Tasminn Shamma, a blogger for the Daily Princetonian, wrote yesterday about an incident that recently took place in a Princeton University classroom. It seems that someone left the following message in Chinese on a classroom blackboard:
Shamma provides an English translation:
Raphael Balsam '11, a Bloomberg Hall resident, was working on a computer in the third floor computer room when he noticed Chinese written on the blackboard last Sunday. He was surprised to learn that the writing translated to: "White people can't see this / White people can't read this / White people can't understand this" and immediately notified an RCA, Carrie Carpenter '10.
Was this a racially threatening message? A cause for alarm?
That much is suggested by the first lines of Shamma's post:
Discrimination is not new to Princeton's campus--regardless of which group is being targeted. Last week, discriminatory comments were found scrawled in Chinese in Bloomberg Hall.
But again, are these really discriminatory comments that "target" white people? If so, what exactly makes them threatening? The mere fact that they're about white people? Or perhaps, the fact that they're about white people, but written in--gasp--Chinese!
"White people can't see this / White people can't read this / White people can't understand this."
It seems to me that what those lines have to say about white people isn't threatening--it's more like a description, and a pretty innocuous one at that.
Nevertheless, according to Shamma, Princeton authorities are taking this incident quite seriously:
[RCA] Carpenter then notified the Butler College Office and RCA advisers. Director of Student Life Mindy Andino said that two students came forward to discuss the situation with Director of Studies Matthew Lazen and that there would be a meeting with the RCA's after Spring Break.
"The Director of Studies met with the students who reported the incident and addressed their immediate concerns," Andino said. "We will be meeting with the RCA’s at the start of next week to discuss the situation further. We are currently completing an investigation of the situation to learn more information."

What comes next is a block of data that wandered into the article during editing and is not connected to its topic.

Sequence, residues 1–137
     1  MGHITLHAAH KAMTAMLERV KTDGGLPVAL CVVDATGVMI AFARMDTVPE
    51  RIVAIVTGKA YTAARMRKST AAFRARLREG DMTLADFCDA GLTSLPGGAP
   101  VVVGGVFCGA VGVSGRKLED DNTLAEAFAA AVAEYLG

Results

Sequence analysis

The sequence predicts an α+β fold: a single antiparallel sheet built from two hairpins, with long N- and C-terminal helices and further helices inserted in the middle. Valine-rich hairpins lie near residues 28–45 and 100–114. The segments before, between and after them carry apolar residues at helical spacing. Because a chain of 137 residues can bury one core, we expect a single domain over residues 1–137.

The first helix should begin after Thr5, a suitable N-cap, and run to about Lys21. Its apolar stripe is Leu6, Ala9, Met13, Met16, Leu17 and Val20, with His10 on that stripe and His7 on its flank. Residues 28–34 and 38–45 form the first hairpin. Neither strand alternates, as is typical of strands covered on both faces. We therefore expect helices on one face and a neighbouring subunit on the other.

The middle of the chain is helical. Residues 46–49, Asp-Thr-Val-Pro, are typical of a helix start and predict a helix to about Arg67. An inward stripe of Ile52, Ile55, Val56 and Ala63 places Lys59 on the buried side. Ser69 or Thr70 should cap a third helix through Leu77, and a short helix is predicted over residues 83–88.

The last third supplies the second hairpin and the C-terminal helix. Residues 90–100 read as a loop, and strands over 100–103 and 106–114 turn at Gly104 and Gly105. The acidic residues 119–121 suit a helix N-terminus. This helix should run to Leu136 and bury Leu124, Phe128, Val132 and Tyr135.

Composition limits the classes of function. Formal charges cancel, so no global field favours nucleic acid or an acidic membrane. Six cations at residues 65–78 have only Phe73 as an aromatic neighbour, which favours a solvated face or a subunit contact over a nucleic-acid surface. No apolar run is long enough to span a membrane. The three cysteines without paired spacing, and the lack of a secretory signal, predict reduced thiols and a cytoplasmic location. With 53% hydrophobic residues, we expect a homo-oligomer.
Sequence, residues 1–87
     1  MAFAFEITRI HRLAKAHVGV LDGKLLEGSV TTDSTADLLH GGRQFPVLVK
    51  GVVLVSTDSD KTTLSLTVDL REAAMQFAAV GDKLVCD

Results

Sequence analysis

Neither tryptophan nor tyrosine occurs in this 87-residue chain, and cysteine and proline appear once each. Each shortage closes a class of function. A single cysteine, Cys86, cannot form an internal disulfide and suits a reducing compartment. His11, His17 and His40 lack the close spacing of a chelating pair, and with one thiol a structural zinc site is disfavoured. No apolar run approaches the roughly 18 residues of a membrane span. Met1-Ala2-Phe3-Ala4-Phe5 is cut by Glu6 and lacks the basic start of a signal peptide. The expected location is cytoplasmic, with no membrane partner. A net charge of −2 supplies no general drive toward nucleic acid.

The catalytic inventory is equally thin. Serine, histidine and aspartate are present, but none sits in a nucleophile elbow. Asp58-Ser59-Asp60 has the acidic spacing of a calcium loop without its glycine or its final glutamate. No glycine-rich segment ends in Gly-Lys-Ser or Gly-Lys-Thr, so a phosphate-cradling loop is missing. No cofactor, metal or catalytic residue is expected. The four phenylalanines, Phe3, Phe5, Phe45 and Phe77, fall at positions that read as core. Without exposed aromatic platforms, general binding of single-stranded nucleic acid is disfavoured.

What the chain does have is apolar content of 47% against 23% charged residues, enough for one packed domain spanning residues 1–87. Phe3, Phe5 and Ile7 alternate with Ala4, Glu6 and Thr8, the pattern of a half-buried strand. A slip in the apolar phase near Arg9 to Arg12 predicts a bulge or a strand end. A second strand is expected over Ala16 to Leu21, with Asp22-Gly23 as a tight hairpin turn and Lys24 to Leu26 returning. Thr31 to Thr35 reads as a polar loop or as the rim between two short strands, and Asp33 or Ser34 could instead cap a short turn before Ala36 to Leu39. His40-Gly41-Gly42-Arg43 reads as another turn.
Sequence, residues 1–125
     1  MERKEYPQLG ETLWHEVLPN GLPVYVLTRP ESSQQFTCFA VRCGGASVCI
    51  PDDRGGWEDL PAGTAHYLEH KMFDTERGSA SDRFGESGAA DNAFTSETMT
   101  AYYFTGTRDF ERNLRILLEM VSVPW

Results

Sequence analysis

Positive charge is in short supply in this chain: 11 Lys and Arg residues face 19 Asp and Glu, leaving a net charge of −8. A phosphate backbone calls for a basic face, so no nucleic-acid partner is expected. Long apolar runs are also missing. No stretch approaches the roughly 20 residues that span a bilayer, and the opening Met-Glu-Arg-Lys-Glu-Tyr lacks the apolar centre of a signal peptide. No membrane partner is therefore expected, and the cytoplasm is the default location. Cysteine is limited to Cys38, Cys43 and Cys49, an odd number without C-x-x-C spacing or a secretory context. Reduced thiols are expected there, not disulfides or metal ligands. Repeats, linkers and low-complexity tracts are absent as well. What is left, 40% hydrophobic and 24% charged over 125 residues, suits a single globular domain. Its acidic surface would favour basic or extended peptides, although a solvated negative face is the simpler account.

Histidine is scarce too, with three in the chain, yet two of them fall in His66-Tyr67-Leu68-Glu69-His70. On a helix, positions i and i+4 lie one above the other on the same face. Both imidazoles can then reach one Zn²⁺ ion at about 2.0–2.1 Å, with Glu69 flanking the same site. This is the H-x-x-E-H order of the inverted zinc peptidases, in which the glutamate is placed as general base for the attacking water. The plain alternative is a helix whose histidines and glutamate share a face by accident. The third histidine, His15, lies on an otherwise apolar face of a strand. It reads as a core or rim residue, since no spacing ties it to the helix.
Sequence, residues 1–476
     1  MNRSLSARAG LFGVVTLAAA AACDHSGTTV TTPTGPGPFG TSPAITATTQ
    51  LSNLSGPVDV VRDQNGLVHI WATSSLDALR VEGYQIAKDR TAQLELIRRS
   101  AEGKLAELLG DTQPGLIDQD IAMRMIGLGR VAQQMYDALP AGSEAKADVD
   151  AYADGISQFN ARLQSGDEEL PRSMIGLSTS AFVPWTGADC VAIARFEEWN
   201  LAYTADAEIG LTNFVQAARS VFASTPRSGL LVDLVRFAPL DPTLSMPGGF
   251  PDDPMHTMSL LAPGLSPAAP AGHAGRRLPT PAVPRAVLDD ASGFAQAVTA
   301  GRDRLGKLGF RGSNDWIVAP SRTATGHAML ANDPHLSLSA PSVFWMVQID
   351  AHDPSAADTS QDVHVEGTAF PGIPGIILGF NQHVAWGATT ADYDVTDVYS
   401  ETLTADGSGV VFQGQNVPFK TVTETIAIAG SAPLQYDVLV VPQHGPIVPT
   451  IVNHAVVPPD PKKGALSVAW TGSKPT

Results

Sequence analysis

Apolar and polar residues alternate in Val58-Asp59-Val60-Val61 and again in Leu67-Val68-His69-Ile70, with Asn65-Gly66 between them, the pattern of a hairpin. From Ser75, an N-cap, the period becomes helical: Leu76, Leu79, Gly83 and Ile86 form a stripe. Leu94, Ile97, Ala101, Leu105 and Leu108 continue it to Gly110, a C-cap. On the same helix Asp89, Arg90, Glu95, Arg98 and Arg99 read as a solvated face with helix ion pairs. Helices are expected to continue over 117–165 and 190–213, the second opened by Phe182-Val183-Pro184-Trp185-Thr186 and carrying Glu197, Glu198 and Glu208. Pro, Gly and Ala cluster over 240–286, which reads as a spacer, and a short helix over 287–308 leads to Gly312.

Andino added that the College Office was trying to determine whether or not the message was a violation of the Rights, Rules, and Responsibilities (RRR).
Shamma provides the relevant part of the university's "RRR," which explains what students should do if they feel their "sensibilities" have been assailed:
Normally, an alleged infringement upon the rights or sensibilities of an individual, including complaints of discrimination, by an undergraduate or graduate student should first be discussed with that student. If this is not possible, or does not lead to a satisfactory resolution, the matter should be brought to the attention of the Dean or an Associate Dean of Undergraduate Students or the Dean of the Graduate School. If the matter is not resolved through discussion or through formal action by a dean, a complaint can be made in accordance with the normal disciplinary procedures.
What do you think? Are these lines cause for alarm? Or instead, is considering them a racist threat cause for alarm? And does it matter that these lines appeared in Chinese, instead of in English?
By the way, as commenters at the Daily Princetonian blog note, these lines resemble those on a t-shirt sold online, which in turn resembles a shirt featured in a popular online video, "Yellow Fever." Also noted is the sloppiness of the handwriting, which suggests that whoever wrote the message is a beginner with the language.